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Radiation belts during geomagnetic storms observed by EPT

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The Energetic Particle Telescope (EPT), launched on the satellite PROBA-V in May 2013, provides flux measurements at 820 km for more than 7 years. They allow us to determine the strong flux variations associated to the geomagnetic storms observed since 2013. Storms are characterized by dropouts followed by flux enhancements, with injections in the slot region, located between the inner and the outer belt, for the strongest events. Altitudes of impenetrable barriers for the dropouts and the injections have been statistically determined for different energy ranges of electrons.
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The Energetic Particle Telescope

Electron flux variations for E>500 keV during geomagnetic storms are investigated using the Energetic Particle Telescope (EPT). This detector launched in May 2013 on board the satellite PROBA‐V at an altitude of 820 km was designed by BIRA-IASB, UCLouvain and QinetiQ Space to provide uncontaminated spectra of:

  • electrons
  • protons
  • alpha particles

Geomagnetic storms

Electron flux dropout events are observed during the main phase of each storm and even during substorms: a rapid reduction of the electron flux is noted throughout the outer electron radiation belt at all energies above about 0,5 MeV on timescales of a few hours.

The electron spectrograms measured by EPT between 2013 and 2019 show that after each geomagnetic storm, dropout events are followed by a flux enhancement starting first at low L values, and reaching the slot or even the inner belt for the strongest storms. L is the equatorial distance parameter of the magnetic shells, expressed in Earth radii. The outer radiation belt is typically located at L > 4, the inner belt at L < 2 Earth radii, and the region between corresponds to the slot region.

We can see that dropouts appear at all energies measured by EPT and penetrate down to L3.5 Earth radii for the strongest events. Dropouts are observed each time Dst has an inverted peak < ‐40 nT.

Flux enhancements appear at lower L only for big storm events with Dst < ‐50 nT. They penetrate down to an impenetrable barrier with a minimum L‐shell related to Dst and to the energy. For E > 2 MeV, this limit is always higher than the inner belt and it is linked to the plasmapause position corresponding to the sharp limit of cold plasma. We showed also that the plasmapause is related to auroral spots.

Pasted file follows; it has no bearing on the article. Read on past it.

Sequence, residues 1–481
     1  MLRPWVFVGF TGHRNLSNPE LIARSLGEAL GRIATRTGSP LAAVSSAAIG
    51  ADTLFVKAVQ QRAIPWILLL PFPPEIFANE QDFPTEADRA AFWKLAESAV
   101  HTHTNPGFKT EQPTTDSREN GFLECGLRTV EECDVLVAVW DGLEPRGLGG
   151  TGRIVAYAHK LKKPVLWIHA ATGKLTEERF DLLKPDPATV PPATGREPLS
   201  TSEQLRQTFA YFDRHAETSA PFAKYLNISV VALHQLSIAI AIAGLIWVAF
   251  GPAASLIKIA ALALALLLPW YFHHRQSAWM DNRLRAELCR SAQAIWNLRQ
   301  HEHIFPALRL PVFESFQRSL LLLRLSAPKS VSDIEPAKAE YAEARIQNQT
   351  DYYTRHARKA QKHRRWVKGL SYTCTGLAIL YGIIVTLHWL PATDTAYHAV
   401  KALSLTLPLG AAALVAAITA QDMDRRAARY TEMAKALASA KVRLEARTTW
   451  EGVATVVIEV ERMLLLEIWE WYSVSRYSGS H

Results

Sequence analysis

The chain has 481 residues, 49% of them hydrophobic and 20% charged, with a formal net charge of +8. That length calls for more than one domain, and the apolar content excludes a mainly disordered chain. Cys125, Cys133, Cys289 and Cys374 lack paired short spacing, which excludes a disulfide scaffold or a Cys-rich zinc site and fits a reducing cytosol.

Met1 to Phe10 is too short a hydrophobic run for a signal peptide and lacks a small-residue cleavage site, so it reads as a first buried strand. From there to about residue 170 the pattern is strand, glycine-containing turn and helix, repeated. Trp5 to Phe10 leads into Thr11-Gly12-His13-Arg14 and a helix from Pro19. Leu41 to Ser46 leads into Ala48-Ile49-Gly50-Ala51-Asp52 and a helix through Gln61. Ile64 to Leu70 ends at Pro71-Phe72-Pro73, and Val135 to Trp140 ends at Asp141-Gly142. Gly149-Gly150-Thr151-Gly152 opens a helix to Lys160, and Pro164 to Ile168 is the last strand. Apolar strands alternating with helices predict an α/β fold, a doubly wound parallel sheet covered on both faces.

Human activity also influences electron fluxes of the radiation belts: we demonstrated that the ground-based transmitter in northwest Australia scatters electrons and make them lost from the radiation belts.


Further reading

  • Pierrard, V., Botek, E., Ripoll, J.-F., and Cunningham, G.S. (2020). Electron dropout events and flux enhancements associated with geomagnetic storms observed by PROBA-V/EPT from 2013 to 2019. Journal of Geophysical Research: Space Physics, 125(12), e2020JA028487. Open Access Logo
  • Pierrard, V., Lopez Rosson, G., and Botek, E. (2019). Dynamics of Megaelectron Volt Electrons Observed in the Inner Belt by PROBA-V/EPT. Journal of Geophysical Research: Space Physics, 124(3), 1651-1659.
  • Cunningham, G.S., Botek, E., Pierrard, V., Cully, C., and Ripoll, J.-F. (2020). Observation of High-Energy Electrons Precipitated by NWC Transmitter from PROBA-V Low-Earth Orbit Satellite. Geophysical Research Letters, 47(16), e2020GL089077. Open Access Logo


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Fig. 1 Electron flux observed by EPT from 18 June 2015 to 28 June 2015. The superposed black line corresponds to a linear relation based on the observed Disturbed Storm Time Dst index (Figure from Pierrard et al., 2020).
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Fig. 2 Electron fluxes observed by EPT from the first measurements on 21 May 2013 up to 31 December 2019, for Channel 1 (500-600 keV, upper panel) and Channel 5 (1-2,4 MeV, middle panel). The bottom panel shows the observed Disturbed Storm Time Dst index from 21 May 2013. (Figure from Pierrard et al., 2020)
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Fig. 3 Electron flux measured by EPT in Channel 1 (500-600 keV, upper panel), Channel 4 (0,8-1 MeV, second panel) and Channel 5 (1-2,4 MeV, third panel) from 1 March to 31 December 2015. In the third panel, the black line corresponds to the plasmapause position measured by two instruments onboard the Van Allen Probes. Bottom panel: Dst index measured during the same period. (Figure from Pierrard et al., 2020)